The ocean quahog is also sometimes known as the Icelandic cyprine. They live buried in sand, with just a small siphon tube extending up to the surface of the seabed.
The yellowhammer is a member of the bunting family. In winter, they congregate in flocks, often with other seed-eaters such as chaffinches and tree sparrows.
Frogs have declined in recent decades because of habitat loss. Their spawn can contain up to 2000 eggs. By midsummer, the tadpoles will have turned into froglets.
Red-breasted mergansers belong to a group of ducks known as the ‘sawbills’, so called because of the serrated edges to their bills, designed for gripping slippery fish.
Sitting still with hardly a flicker of a muscle, until you blend seamlessly into the landscape and become part of nature is such a productive way for seeking out wildlife; and so it proved in this little strip of woodland by the edge of the Ochils.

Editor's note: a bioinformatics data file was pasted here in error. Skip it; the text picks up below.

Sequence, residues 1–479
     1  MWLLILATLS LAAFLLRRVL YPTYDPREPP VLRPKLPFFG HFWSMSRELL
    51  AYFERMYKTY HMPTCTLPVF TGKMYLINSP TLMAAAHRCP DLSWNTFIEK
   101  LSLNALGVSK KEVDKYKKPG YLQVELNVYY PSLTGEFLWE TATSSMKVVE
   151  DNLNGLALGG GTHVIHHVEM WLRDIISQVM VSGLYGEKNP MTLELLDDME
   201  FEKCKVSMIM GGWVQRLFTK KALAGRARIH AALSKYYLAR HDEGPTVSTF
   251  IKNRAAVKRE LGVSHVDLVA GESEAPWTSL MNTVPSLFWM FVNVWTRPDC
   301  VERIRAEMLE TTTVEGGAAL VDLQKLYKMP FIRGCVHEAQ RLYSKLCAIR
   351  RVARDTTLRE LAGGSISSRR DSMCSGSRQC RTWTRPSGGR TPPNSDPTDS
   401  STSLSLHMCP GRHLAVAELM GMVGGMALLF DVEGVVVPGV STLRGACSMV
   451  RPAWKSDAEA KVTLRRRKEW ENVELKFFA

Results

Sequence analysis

As well as Strathspey, crested tits occur in pine woodlands on the coastal plain of the Moray Firth, Easter Ross and south-east Sutherland. There are an estimated 1,000 – 2,000 breeding pairs in Scotland.
Kestrels can be found in a wide variety of habitats, including moorland, farmland, coastal cliffs and in our towns and cities. The field vole is its preferred prey.
Formerly absent due to persecution, pine martens now occur throughout much of Courier Country, with a recent survey detecting their presence in Perthshire, Stirlingshire, Angus and Fife.
I had just spotted a flock of waxwings in a tree in the front garden of a house in Milnathort, which was like hitting a wildlife jackpot – but it did present a bit of a dilemma.
Spade against soil, a strangely reassuring sound as I methodically dig the vegetable patch in preparation for the coming spring. The air is damp and heavy, the ground soft and yielding.